Height of fabric
1.5 ft maximum, 1 foot minimum; measured from top of inlet.
Structure must withstand 1.5-foot head of water and sediment without collapsing or undercutting.
Support posts
Steel fence posts or 2 x 4-inch wood, length 3 foot minimum, spacing 3 foot maximum; top frame support recommended.
Fabric material
Synthetic, extra-strength fabric. Burlap is acceptable for short-term use only (60 days or less).
Space support posts evenly against the perimeter of the inlet a maximum distance of 3 ft apart and drive them at least 8 inches into the ground. The stakes must be at least 3 feet long. Overflow must fall directly into the inlet and not on unprotected soil. Build a supporting frame of 2 x 4-inch lumber, maximum height 1.5 ft above the drop inlet crest. The frame adds stability and serves as a weir to control storm overflow into the drop inlet. Alternatively, use wire fence (14 gauge minimum, with a maximum mesh spacing of 6 inches) to support fabric. Stretch fence with top level to provide uniform overflow. Extend wire 6 inches below ground. Excavate a trench approximately 8 inches wide and 12 inches deep around the outside perimeter of the stakes. Cut fabric from a single roll to eliminate joints. Place bottom 12 inches of fabric in trench adjacent to the drop inlet. Fasten fabric securely to the posts and frame or support fence, if used. Overlap joints to the next post. Backfill the trench with 3.4 inch or less washed gravel all the way around. Do not place fabric under grate as the collected sediment may fall into the drain when the fabric is retrieved. Stabilize disturbed areas immediately after construction.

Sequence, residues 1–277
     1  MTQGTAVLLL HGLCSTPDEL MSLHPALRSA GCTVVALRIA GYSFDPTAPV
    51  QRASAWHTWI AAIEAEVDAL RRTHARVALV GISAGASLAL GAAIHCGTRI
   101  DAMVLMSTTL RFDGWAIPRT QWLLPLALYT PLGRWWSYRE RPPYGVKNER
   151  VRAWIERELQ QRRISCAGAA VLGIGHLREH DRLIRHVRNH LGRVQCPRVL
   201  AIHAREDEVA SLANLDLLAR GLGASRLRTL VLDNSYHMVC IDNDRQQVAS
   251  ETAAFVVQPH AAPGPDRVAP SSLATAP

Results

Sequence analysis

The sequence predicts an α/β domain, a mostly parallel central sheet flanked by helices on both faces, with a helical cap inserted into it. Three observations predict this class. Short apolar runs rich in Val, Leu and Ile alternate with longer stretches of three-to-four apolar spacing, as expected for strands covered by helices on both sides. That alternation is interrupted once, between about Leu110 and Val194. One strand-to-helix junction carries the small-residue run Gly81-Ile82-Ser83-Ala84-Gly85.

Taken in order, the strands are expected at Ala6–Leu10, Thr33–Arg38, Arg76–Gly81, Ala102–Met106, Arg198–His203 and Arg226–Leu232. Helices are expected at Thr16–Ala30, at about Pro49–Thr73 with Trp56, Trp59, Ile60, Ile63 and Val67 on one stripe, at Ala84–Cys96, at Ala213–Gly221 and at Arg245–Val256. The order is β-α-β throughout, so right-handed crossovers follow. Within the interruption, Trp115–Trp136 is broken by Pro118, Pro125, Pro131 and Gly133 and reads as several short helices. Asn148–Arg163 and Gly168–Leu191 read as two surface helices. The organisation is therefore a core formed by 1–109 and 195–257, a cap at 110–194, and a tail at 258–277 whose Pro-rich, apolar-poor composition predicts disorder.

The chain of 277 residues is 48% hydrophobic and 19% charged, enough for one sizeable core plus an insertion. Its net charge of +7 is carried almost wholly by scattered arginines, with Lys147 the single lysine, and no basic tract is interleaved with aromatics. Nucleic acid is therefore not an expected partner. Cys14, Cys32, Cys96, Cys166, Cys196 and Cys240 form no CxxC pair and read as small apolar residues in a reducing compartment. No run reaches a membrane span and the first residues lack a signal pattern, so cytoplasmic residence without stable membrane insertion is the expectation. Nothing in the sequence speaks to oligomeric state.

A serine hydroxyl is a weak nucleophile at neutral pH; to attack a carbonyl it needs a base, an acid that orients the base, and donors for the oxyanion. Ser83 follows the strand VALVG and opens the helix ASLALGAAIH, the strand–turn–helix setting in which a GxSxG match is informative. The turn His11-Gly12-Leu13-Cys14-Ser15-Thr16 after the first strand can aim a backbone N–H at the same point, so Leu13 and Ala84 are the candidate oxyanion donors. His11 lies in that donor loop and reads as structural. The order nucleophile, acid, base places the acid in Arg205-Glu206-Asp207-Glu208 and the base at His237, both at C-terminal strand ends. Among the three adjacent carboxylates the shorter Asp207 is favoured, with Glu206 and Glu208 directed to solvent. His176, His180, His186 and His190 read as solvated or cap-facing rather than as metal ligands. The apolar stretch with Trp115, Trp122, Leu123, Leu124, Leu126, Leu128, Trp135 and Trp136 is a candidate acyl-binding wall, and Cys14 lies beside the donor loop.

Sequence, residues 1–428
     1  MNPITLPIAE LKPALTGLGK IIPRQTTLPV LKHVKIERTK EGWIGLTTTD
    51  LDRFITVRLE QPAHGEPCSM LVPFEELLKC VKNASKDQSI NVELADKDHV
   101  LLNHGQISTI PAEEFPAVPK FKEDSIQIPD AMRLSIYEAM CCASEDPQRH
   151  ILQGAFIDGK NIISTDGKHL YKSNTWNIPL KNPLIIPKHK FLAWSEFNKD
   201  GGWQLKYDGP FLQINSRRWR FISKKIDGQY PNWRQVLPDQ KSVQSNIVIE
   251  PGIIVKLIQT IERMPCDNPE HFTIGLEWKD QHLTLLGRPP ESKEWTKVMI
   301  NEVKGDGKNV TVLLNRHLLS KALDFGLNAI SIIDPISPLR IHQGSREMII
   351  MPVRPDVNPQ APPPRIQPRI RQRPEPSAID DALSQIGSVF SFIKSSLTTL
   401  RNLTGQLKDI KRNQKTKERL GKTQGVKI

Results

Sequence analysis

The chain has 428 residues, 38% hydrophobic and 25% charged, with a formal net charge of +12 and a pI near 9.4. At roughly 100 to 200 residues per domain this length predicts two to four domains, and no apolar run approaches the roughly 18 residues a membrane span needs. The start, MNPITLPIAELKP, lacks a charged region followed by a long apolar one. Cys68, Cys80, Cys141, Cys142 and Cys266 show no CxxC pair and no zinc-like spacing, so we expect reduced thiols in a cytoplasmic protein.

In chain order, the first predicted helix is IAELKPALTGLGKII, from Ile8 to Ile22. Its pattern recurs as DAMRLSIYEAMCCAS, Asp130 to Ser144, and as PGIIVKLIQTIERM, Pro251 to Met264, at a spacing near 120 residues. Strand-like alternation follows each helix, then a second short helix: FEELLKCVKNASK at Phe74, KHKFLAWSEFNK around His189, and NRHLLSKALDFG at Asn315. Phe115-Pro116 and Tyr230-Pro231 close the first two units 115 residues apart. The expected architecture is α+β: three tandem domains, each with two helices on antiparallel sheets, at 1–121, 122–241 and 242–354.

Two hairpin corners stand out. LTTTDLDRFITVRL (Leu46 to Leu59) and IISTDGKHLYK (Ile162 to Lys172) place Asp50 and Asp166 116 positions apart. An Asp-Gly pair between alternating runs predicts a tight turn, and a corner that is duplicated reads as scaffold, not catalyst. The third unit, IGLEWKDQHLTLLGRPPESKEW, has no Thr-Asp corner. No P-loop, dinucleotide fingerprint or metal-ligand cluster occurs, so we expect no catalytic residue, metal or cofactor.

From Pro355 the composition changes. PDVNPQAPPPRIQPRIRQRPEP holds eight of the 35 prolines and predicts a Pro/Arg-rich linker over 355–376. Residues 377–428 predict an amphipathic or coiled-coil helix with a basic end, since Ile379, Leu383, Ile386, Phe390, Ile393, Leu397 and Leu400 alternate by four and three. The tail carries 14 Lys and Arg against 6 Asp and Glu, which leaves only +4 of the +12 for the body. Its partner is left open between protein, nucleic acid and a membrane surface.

Common Trouble Points
  • Posts and fabric not supported at the top: Results in collapse of the structure.
  • Fabric not properly buried at bottom: Results in undercutting.
  • Top of fabric barrier set too high: Results in flow bypassing the storm inlet or collapsing structure.
  • Temporary dike below the drop inlet not maintained: Results in flow bypassing storm inlet
  • Sediment not removed from pool: Results in inadequate storage volume for next storm.
  • Fence not erected against drop inlet: Results in erosion and undercutting.
  • Land slope at storm drain too steep: Results in high flow velocity, poor trapping efficiency, and inadequate storage volume. Excavation of sediment storage area may be necessary.

Sod Drop Inlet Protection

A permanent grass sod filter area around a storm drain drop inlet in a stabilized, well vegetated area.
Where Practice Applies
  • Where the drainage area of the drop inlet has been permanently seeded and mulched and the immediate surrounding area is to remain in dense vegetation.
  • This practice is well suited for lawns adjacent to large buildings.
  • The drainage area should not exceed 2 acres,
  • The entrance flow velocity must be low, and
  • The general area around the inlet should be planned for vegetation.

Other Inlet Protection Practices